(dailyRx News) When it's time to order your child's meal off the kids' menu, do you go for the chicken fingers and fries? Or the grilled chicken sandwich on whole wheat bread and vegetables?
A study found healthier kids' meals generally don't cost more than the less healthy meal options at restaurants.
However, there are generally fewer choices for healthy foods on kids' menus. These researchers found the average price of the more healthful meals was $5.38 while the less healthy meals averaged $5.27.
"Pick the healthy items on kids' menus."
The study, led by Rebecca A. Krukowski, PhD, of the University of Tennessee Health Science Center, looked at the prices on children's menus at 75 full-service restaurant chains.
The researchers compared the prices of the healthier and the less healthy options on the menus to see if the healthier food tended to be more expensive.
The restaurants were selected from the 200 restaurants pulling in the most money in 2009. They were all full-service, sit-down restaurants, not fast food restaurants.
The researchers relied primarily on menus from the Little Rock, Arkansas area where they were based to avoid geographical differences in prices.
"More healthful" food included those that were described as "grilled," "baked" or "broiled" (except grilled cheese).
Foods described as "fried," foods with red meat (unless low fat or low calorie) and foods using a lot of cheese, butter or cream sauce were regarded as not healthful.
Sandwiches were only rated as healthful if they were made with whole wheat and contained lower-calorie and/or lower-fat condiments.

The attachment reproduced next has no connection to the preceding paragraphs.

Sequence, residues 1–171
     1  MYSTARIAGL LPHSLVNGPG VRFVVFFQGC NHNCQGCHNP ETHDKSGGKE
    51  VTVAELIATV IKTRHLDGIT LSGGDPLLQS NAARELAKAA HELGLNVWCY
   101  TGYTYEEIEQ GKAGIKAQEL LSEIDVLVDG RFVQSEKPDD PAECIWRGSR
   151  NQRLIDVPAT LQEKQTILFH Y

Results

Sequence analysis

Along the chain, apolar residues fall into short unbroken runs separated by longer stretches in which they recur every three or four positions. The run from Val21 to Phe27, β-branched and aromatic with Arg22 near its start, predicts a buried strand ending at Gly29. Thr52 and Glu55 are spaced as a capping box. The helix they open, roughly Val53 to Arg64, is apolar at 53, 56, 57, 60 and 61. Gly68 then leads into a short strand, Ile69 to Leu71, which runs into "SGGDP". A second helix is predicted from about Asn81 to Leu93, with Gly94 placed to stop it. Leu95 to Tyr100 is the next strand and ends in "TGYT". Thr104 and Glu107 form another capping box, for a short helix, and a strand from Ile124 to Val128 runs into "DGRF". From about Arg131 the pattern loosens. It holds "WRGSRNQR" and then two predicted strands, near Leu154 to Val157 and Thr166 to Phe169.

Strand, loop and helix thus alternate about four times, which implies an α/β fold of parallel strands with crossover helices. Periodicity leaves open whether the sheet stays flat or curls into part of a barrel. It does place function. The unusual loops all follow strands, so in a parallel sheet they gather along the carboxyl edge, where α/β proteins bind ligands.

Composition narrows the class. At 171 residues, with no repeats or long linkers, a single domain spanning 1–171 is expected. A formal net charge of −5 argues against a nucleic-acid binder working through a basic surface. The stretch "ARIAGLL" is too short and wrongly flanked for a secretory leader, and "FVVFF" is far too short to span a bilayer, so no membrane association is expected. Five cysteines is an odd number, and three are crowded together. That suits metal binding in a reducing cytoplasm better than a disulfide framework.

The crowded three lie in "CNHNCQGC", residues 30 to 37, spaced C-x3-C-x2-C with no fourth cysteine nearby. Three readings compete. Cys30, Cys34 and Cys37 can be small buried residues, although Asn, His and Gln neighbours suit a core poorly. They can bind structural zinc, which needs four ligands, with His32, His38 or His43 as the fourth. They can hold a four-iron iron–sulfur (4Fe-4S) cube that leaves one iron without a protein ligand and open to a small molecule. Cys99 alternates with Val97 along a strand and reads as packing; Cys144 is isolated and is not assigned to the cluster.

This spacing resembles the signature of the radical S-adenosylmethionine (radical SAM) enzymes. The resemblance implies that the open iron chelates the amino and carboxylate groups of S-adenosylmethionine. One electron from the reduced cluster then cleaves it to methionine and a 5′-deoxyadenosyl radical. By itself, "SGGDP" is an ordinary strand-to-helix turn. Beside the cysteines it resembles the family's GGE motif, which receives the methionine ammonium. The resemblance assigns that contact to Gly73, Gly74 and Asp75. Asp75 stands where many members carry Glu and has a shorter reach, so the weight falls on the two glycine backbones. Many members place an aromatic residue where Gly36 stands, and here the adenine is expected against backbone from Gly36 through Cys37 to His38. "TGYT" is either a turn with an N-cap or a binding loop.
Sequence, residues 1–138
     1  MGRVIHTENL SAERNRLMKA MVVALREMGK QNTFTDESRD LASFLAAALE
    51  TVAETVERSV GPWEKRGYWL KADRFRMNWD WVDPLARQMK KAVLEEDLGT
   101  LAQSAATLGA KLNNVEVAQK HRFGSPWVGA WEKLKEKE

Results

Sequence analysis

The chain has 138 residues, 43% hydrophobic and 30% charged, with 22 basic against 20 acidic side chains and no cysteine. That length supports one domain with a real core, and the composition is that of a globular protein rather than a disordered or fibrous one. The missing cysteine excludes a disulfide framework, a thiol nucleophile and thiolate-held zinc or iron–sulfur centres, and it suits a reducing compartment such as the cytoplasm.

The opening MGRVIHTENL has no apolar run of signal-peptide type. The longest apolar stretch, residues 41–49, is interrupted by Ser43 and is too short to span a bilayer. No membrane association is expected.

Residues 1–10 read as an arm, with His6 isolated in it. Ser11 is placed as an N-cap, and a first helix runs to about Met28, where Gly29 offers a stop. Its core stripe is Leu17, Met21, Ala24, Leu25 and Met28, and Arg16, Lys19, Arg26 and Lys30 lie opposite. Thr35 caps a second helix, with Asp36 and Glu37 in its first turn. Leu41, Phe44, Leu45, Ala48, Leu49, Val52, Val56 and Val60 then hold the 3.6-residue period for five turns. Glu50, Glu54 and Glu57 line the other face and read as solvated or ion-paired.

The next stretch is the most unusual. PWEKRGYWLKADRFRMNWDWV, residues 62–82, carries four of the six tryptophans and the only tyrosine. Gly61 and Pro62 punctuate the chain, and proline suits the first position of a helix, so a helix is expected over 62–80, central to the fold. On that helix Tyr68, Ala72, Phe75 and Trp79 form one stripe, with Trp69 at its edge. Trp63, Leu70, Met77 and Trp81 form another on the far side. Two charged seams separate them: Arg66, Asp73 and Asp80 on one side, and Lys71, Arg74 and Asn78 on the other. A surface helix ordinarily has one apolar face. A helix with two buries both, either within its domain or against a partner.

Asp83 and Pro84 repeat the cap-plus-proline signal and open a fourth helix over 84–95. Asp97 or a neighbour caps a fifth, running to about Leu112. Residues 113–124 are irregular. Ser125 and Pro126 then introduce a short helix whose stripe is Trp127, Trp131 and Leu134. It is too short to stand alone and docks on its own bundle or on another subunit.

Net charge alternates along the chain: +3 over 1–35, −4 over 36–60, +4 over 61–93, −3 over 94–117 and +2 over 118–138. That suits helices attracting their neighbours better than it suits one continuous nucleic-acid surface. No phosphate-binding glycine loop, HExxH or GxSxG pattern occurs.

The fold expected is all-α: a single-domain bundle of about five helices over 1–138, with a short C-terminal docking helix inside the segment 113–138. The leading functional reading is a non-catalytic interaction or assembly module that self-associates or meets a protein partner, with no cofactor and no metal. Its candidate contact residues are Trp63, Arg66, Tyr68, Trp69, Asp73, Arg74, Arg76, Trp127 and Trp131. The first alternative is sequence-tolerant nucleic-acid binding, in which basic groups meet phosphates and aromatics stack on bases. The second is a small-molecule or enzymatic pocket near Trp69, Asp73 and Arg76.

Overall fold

At 14 of the restaurants, all kids' meals were the same price. Among the 75 restaurants, 17 of them (23 percent) had only less healthy options available, which averaged $4.89, while the other 58 of them (77 percent) had at least one healthy option on the menu.
There were generally many more less healthy options than healthy options on the menus, the researchers found.
An average of eight items were less healthful on the menus while the healthy options were, on average, one to two of the total options.
"In contrast to research demonstrating that more healthful foods tend to be more expensive in grocery stores, more healthful entrées on children’s menus in restaurants were not more expensive than less healthful entrées," the researchers wrote.
Deborah Gordon, MD, a dailyRx expert specializing in nutrition, said she had a mixed response to this study.
"It's great that no price barrier steers consumers away from 'more healthful' meals, but I take issue with the authors' health standards," Dr. Gordon said. "While I agree that salads and vegetables are valuable, it is not true that red meat, butter, and cream are necessarily bad. Properly raised and prepared, they are helpful components of a balanced diet."
In fact, Dr. Gordon suggested that including a broader range of these foods in diets may help people eat healthier overall.
"I believe that if we understood the research absolving red meat and healthy animal fats, we might get more people to eat a salad if they could have it with beef strips rather than dried out chicken breast strips," she said.
The study was published June 6 in the CDC's Preventing Chronic Disease. No external funding was used for the study, and the authors declared no conflicts of interest.